CoralLevang wrote on June 27, 2015, 1:10 PM

Thank you for this response, STMcIntyre . *laughs* I just read your name as Saint McIntyre.

I just have wondered since it seems to be a fashion statement for some nowadays. I do enjoy making them, but don't know much about praying the rosary. I suppose I should look that up.

MegL wrote on June 27, 2015, 2:13 PM

So where does your sister keep her Rosary beads? Does she keep them in a small purse, or around her wrist, or does she keep them in a drawer only to be brought out when she wants to use them? I could not see myself wearing ANY religious symbolism as a fashion statement. But then I am not into fashion anyway.

CoralLevang wrote on June 27, 2015, 2:30 PM

MegL I am not sure where she keeps her rosary beads, or which set she uses to pray. When I make any of these beads, I put them in a pouch. The one that I made for her is on the other article.

This green one, I made for her daughter/my niece for her 16th birthday a number of years ago.

Last Edited: June 27, 2015, 2:31 PM

CoralLevang wrote on June 28, 2015, 2:39 AM

&VisionofHope I like your explanation/perspective. It is also very kind and inclusive. I think that, too often, religiosity takes over the spirit of what was intended by the early church leader--Jesus of Nazareth. Thank you for your thoughtful response.

cmoneyspinner wrote on July 17, 2015, 4:03 PM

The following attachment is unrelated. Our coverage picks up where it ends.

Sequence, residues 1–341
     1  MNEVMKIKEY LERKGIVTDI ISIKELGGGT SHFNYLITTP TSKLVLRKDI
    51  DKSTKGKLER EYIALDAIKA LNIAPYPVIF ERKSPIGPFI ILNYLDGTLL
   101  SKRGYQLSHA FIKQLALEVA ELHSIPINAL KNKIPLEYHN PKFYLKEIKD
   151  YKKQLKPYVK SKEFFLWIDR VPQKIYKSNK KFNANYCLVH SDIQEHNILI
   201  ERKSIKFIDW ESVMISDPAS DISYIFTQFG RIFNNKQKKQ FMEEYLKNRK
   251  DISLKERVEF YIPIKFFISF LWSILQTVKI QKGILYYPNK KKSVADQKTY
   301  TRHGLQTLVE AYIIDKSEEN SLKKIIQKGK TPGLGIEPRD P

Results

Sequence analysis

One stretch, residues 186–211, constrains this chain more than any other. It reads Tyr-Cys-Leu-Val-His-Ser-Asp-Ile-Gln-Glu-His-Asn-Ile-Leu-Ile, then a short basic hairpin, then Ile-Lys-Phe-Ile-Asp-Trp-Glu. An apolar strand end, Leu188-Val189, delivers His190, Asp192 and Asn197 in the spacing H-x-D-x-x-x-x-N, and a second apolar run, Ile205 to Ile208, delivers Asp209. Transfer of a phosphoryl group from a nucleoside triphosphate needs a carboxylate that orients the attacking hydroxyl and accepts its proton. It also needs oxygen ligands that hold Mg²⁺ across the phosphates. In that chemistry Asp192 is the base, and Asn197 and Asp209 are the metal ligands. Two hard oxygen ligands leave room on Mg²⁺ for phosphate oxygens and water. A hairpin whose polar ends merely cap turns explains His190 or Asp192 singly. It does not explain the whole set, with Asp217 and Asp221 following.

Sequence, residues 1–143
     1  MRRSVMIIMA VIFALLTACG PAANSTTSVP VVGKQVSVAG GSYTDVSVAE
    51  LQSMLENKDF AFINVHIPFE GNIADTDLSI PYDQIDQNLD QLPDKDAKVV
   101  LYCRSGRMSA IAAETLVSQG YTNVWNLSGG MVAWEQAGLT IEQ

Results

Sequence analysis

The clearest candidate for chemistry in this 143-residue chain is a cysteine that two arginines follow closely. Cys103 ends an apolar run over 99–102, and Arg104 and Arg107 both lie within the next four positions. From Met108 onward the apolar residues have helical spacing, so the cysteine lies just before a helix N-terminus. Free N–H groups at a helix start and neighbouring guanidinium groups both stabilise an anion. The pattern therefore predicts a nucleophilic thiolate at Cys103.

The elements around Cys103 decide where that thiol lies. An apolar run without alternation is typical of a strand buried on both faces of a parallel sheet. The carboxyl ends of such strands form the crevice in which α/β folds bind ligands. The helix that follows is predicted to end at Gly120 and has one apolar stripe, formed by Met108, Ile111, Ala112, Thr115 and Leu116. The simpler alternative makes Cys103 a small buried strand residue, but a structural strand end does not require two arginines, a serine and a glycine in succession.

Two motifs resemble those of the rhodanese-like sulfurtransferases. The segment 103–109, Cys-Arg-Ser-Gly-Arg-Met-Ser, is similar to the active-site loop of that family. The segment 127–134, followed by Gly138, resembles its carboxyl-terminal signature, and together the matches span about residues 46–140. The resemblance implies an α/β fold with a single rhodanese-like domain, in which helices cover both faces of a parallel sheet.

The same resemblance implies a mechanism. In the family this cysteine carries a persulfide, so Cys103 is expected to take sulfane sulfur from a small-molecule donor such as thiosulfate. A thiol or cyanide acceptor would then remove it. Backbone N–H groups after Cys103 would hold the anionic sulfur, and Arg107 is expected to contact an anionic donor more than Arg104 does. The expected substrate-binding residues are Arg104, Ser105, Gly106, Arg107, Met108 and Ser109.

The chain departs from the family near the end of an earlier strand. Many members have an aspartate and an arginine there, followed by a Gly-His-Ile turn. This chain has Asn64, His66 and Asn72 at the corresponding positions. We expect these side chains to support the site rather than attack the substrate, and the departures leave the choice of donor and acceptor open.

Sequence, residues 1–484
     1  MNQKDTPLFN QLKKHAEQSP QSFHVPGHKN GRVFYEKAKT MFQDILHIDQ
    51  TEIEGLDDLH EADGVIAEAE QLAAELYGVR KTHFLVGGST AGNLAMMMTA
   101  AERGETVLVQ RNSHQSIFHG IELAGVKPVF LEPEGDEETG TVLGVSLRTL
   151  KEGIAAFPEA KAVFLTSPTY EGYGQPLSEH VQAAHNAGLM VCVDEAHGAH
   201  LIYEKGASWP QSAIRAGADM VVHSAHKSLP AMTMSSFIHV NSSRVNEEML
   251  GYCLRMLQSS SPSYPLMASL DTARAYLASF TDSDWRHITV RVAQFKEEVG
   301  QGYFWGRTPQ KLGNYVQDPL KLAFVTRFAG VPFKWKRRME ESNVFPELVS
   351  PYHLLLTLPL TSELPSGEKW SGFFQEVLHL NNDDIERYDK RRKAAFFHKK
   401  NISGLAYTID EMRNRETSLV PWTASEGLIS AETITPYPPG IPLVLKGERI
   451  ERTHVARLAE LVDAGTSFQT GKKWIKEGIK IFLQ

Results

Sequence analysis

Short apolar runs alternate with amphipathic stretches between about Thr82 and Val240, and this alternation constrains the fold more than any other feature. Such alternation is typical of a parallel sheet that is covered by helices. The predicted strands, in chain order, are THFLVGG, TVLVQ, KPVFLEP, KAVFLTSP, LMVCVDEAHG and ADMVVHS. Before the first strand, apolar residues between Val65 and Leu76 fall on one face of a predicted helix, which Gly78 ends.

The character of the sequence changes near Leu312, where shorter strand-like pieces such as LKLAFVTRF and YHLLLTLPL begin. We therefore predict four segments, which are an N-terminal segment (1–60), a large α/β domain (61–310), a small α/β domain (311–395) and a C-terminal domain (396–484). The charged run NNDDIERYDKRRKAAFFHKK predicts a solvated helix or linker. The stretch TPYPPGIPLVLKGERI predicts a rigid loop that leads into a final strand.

The rosary wasn't fashioned to be a piece of jewelry. It was to be used for praying. That's all I know.

CoralLevang wrote on July 17, 2015, 8:49 PM

cmoneyspinner True, but like everything else, beliefs, habits, values, language...evolves.

DWDavisRSL wrote on July 17, 2015, 10:15 PM

As a Catholic I was troubled when students started coming to school wearing Rosaries as necklaces so I asked my Deacon about it. His answer was that the costume jewelry versions most of the children were wearing weren't "real" Rosaries because they had never been used nor were they ever intended to be used for prayer or any purpose other than looking ostentatious. He also told me that he knows Catholics who wear a Rosary around their necks but folks who do usually keep them under their shirts. I told my students that while I didn't mind them wearing a necklace that looked like a Rosary some of them might want to start using them to pray for better grades and that they make it to the next grade.

DWDavisRSL wrote on July 17, 2015, 10:16 PM

On a totally separate note, I very much like the peridot Rosary. Peridot is my birth stone.

Shellyann36 wrote on July 18, 2015, 2:55 AM

I really don't know because I am not Catholic. They are very nice looking though.

CoralLevang wrote on July 18, 2015, 2:47 PM

I LOVE your response: "...might want to start using them to pray for better grades..." Brilliant, DWDavisRSL !

CoralLevang wrote on July 18, 2015, 2:48 PM

DWDavisRSL Why thank you! It's peridot-colored, not actually peridot. Oh, and it's my birthstone, too! emoticon :winking: